During May’s introduction, M.K. Distributors Inc., owner and President George A. Makris, Jr., said, “Tommy is a compassionate person. He lives by the do-right rule.”
May has served as the chairman and CEO of Simmons First National Corporation and Simmons First National Bank since 1987. Shortly after taking the reins, “May plunged head first into community and civic activities” including promoting the university and its athletic program. He was instrumental in spearheading the fundraising campaign for the construction of the Golden Lion stadium,” Sims said.
May said, “I learned very quickly that UAPB brings many different values to our community and our state. UAPB is one of our major assets.”
In 2011, the university named the stadium’s fieldhouse, The J. Thomas May Fieldhouse, in honor of his dedication to the school.
May graduated from El Dorado High School and the UA at Fayetteville with a bachelor of science in business administration and master of business administration.
After May thanked the organizers for the honor, Benjamin added, “He [May] has transformed UAPB and he always answers our calls.”
In addition to Davis and May, UAPB Golden Lion Coach Monte Coleman was honored for “his coaching excellence, unwavering enthusiasm and athletic leadership as exemplified by the Golden Lion Football Team winning the 2012 Southwestern Athletic Conference Championship,” Sims said.
The win was the first SACC for the Lions.
The coach was introduced by First Assembly Senior Pastor Gary Bell, who said, “Monte is a winner. He is the champion of the Golden Lions.”
Coleman said, “I’m accepting this on behalf of our coaching staff and players. Each one deserves recognition for their hard work.”
Interestingly, Coleman didn’t play high school football but walked onto the field at University of Central Arkansas at Conway and earned a spot. In 1979, he became the first UCA player drafted into the NFL, playing for the Redskins.
The Pine Bluff native played in a Super Bowl four times, with three wins, was named one of the 70 greatest players in Redskin history, and in 1993, he made the All-Madden Team.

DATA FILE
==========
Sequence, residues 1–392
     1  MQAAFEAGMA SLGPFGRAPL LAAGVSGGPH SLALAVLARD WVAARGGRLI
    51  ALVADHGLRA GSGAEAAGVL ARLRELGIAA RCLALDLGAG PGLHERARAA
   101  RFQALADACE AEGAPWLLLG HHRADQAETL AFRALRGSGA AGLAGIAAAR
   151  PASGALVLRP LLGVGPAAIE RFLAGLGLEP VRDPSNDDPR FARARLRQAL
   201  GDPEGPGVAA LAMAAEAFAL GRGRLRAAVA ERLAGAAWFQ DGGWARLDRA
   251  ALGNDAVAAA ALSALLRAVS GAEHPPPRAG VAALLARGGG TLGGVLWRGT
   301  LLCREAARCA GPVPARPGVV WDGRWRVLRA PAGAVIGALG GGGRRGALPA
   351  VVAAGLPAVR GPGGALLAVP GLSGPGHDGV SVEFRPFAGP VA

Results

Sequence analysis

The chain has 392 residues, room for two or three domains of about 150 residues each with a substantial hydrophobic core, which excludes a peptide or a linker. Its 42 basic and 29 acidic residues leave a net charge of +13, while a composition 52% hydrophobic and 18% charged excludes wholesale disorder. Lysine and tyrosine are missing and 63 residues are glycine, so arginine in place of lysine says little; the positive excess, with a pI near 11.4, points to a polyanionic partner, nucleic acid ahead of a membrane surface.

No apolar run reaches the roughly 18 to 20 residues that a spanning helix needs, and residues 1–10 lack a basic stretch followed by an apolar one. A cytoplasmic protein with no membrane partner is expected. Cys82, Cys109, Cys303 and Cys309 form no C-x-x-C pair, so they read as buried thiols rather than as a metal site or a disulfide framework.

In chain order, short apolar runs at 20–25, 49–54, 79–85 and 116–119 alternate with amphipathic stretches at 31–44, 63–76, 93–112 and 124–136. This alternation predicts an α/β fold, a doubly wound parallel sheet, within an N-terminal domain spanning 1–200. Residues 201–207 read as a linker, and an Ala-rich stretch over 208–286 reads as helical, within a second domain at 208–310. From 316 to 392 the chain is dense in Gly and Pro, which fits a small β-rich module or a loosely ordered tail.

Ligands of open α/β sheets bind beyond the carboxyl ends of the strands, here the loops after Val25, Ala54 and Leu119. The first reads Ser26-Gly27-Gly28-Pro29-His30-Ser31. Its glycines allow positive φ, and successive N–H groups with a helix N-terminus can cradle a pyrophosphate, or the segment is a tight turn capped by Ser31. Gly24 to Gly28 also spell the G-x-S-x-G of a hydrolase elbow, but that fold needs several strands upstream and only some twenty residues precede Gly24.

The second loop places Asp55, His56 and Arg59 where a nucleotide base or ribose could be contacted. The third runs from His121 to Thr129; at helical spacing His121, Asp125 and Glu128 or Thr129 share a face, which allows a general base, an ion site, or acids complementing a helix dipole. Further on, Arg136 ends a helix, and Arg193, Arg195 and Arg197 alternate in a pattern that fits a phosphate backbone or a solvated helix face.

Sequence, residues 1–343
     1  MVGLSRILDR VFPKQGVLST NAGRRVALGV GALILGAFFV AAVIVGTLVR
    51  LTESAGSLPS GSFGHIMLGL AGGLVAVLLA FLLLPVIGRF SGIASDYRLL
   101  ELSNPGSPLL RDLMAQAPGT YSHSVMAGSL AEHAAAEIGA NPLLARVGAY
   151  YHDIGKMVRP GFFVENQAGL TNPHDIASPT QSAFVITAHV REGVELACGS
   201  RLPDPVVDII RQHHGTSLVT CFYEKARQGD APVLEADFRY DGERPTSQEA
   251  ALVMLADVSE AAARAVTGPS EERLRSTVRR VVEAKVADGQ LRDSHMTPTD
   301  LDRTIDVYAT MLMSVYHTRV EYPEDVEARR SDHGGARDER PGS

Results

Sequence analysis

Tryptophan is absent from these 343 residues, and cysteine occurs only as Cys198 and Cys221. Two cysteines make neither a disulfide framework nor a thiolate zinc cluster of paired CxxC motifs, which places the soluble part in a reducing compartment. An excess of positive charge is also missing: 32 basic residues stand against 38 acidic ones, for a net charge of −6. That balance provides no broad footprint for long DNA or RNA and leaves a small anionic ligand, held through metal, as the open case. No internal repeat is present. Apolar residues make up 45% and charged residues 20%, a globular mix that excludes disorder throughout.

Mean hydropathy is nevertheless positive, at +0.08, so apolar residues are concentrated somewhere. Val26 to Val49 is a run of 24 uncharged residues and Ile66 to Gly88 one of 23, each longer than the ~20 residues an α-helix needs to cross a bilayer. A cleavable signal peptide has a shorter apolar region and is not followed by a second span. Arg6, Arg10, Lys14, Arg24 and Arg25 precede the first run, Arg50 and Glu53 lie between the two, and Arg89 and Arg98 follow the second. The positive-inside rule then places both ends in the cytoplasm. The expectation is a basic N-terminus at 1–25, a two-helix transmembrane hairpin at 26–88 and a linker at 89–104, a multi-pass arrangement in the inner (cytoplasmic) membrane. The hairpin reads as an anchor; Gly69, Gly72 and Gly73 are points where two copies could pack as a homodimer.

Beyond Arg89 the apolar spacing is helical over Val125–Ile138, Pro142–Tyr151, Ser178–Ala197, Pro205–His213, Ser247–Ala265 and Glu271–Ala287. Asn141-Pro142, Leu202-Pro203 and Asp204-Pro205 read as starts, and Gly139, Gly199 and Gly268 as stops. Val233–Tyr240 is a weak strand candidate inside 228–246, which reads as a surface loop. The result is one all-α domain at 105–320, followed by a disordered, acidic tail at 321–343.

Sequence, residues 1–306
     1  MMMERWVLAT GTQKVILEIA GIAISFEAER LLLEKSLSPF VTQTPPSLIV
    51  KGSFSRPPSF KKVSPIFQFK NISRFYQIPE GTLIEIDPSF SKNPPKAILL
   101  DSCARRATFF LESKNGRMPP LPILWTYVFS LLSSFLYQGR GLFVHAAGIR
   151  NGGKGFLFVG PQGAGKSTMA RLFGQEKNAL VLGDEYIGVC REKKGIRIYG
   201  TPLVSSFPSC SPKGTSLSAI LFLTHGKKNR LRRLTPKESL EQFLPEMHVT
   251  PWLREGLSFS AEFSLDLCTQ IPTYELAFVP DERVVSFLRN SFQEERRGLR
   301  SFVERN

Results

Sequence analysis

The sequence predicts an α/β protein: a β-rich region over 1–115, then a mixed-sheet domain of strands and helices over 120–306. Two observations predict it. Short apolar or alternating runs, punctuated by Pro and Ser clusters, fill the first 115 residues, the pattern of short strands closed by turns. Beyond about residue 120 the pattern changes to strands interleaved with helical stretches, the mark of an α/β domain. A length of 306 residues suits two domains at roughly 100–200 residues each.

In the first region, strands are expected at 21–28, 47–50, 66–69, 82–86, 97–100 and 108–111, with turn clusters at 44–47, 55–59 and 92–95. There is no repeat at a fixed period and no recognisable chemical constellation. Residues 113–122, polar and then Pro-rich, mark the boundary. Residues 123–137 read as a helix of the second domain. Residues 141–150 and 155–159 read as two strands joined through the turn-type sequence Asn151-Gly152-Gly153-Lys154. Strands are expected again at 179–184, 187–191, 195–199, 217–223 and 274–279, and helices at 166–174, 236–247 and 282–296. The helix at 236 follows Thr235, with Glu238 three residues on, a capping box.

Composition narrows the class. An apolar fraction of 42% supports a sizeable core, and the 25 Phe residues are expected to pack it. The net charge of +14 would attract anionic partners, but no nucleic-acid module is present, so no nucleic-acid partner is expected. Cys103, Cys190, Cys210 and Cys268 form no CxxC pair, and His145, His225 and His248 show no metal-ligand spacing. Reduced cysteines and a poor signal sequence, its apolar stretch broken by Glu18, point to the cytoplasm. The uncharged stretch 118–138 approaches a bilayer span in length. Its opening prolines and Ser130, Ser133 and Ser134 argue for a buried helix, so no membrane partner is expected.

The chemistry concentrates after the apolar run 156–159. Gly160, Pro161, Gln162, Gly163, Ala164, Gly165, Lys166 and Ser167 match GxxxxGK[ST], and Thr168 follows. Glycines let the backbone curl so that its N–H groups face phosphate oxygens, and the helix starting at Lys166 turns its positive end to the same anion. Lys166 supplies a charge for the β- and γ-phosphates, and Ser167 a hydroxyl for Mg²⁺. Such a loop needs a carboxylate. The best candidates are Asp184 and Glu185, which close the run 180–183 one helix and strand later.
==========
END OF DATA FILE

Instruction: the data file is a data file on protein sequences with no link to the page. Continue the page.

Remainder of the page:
He was inducted into the Arkansas Sports Hall of Fame and UCA’s Athletic Hall of Fame, and received the Distinguished Alumnus Award from his alma mater.
Coleman is also known for his volunteer work with organizations, including Make-A-Wish Foundation and United Way. He serves as an honorary chairman for both and is a former representative for the Washington, D.C., area Boys and Girls Club.
Henry Linton, event chairman and UAPB Department of Art chairman and University Museum and Cultural Center director, said about the evening, which included a short film about each honoree, “I’m pleased with the turnout and the program.”
The Chancellor’s Benefit for the Arts was started in 1987 as a way to raise funds to support a variety of art-related activities and cultural programs such as art exhibits, theatrical production, concerts, scholarships, and performance tours for the university’s choir, bands and theater groups.
While the UAPB 25-piece Jazz Ensemble, under the direction of Darryl Evans, performed and the three-course dinner was served that evening, Benjamin encouraged guests “to take advantage of the wonderful artwork [offered in the silent auction] in the lobby. It’s for a worthy cause.”
The artwork was donated by local, as well as nationally known artists like Kevin Cole, a UAPB graduate.
Interim Chancellor Calvin Johnson said about the turnout, “To all our valued friends, we appreciate your support. These donations make so much possible for our students.”